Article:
The purpose of an individual retirement account is to encourage you to save for your later years. Congress therefore created carrots and sticks to help you stay on track. The carrot is a tax deduction on contributions and tax-deferred growth of investments. The stick is additional tax on early withdrawals.
A conduit IRA is identical to a traditional IRA, except that it originates from a rollover from an employer’s qualified plan. You might want to keep only rolled-over funds in a conduit IRA if you plan to roll the money to a different employer plan. Some employer plans allow you to roll in money only if it stems from other employer plans. By keeping your plan rollovers segregated in a conduit IRA, you’ll avoid trouble rolling into the new employer plan. You can keep your other IRA money in a separate traditional or Roth IRA because the Internal Revenue Service doesn’t limit the number of IRAs you can own.
You must pay taxes on all withdrawals from a traditional IRA. You might owe an additional 10 percent tax on money you siphon off before reaching age 59 1/2. It doesn’t matter whether the withdrawn money originated from a contribution, a rollover or earnings -- the effect is the same. However, the IRS exempts early withdrawals you take for certain reasons listed in the next section. Also, you don’t pay taxes or penalties on the portion of any withdrawal that represents money already taxed. This can occur if you make nondeductible contributions.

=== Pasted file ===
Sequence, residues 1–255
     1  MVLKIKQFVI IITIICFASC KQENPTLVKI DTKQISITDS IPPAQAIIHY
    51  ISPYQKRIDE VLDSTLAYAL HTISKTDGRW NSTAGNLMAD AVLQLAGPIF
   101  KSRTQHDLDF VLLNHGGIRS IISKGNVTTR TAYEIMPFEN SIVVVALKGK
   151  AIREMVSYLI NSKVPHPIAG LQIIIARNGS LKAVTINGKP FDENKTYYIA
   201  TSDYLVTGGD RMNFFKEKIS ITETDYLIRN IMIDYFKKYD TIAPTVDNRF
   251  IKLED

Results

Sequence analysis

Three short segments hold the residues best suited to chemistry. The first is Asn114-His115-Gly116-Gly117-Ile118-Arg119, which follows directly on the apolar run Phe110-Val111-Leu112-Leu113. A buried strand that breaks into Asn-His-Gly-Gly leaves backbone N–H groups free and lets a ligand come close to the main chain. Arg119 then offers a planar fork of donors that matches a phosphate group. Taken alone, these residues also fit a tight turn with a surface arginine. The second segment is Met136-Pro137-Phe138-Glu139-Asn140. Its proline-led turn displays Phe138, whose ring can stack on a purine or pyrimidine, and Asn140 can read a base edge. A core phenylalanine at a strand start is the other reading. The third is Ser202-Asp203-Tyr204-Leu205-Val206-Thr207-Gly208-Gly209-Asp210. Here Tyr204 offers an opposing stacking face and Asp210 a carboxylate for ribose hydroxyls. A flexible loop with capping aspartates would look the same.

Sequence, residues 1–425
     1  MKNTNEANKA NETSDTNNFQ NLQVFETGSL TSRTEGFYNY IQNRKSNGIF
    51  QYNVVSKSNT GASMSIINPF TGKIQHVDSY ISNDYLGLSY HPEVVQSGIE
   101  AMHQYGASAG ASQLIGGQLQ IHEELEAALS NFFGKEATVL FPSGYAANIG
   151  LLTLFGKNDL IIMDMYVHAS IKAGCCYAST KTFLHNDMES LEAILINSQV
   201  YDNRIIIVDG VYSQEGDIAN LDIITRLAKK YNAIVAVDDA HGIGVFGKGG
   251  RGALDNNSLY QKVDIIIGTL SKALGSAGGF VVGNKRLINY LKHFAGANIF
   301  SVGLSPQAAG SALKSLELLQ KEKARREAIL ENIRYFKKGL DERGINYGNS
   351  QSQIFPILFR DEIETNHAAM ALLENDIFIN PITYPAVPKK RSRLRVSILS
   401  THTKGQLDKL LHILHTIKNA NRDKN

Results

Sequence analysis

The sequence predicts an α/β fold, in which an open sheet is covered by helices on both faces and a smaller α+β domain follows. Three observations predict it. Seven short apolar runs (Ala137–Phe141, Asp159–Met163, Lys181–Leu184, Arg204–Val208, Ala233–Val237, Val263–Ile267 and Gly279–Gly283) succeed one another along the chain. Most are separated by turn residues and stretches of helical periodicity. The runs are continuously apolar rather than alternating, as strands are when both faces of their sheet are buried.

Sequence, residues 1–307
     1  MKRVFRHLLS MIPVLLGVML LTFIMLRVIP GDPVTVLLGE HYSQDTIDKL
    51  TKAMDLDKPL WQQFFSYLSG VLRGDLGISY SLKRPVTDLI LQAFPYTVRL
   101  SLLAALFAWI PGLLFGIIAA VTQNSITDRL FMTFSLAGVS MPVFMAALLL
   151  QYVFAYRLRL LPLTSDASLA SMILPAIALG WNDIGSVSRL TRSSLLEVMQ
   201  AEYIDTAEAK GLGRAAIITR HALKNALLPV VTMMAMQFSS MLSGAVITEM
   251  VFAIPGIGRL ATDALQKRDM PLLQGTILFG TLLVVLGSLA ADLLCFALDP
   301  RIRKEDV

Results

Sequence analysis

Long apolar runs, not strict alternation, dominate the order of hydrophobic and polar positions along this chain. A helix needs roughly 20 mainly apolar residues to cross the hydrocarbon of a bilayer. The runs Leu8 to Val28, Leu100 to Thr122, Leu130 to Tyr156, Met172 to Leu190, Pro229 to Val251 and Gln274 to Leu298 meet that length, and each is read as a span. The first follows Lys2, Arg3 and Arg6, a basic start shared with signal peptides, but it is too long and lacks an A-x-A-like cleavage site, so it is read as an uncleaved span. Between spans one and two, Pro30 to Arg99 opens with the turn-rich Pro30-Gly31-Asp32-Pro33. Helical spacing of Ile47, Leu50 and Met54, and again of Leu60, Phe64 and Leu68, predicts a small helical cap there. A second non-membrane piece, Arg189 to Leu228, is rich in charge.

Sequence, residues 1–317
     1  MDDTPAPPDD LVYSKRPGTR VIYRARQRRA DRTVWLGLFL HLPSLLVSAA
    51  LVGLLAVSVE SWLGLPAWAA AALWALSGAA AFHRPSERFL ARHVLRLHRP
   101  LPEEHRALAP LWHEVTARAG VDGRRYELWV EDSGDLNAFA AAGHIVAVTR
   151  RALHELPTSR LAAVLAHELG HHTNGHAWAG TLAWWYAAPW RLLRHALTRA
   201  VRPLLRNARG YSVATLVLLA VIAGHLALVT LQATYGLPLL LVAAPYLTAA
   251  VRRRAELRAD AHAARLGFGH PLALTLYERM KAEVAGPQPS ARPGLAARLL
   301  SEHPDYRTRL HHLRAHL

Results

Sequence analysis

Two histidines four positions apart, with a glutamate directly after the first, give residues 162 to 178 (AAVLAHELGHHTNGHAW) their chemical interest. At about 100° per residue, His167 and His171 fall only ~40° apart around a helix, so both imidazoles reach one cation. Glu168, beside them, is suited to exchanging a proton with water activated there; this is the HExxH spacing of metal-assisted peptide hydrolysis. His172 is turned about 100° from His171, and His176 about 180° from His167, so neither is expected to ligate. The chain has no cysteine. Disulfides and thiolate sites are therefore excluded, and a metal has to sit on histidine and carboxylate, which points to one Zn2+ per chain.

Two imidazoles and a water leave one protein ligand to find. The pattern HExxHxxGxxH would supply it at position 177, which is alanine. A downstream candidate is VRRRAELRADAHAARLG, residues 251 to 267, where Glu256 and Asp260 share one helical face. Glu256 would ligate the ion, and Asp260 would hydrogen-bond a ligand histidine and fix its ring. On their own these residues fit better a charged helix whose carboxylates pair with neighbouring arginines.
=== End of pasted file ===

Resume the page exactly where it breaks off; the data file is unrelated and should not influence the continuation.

You avoid the additional tax on early withdrawals if you are totally and permanently disabled or if you’re the beneficiary of a deceased IRA owner. Exemptions are available for unreimbursed medical expenses exceeding 10 percent of your adjusted gross income, for the cost of medical insurance if you are unemployed or if you use the money for qualified education expenses. You can also get an exemption for part of the cost of buying or building your first home, for money used to pay an IRS levy on your IRA or if you are a qualified military reservist.
You can withdraw nondeductible contributions from your conduit IRA tax-free. These are contributions on which you were not allowed to take a deduction -- you’ve already paid the income tax on this money. This situation can arise on contributions you make in years during which you or your spouse are covered by an employer’s qualified plan and your gross income exceeds limits set by the IRS. The income limits change from year to year. You cannot simply withdraw just the nondeductible contributions from your IRA. Instead, you must prorate the nondeductible contributions as part of any withdrawal.
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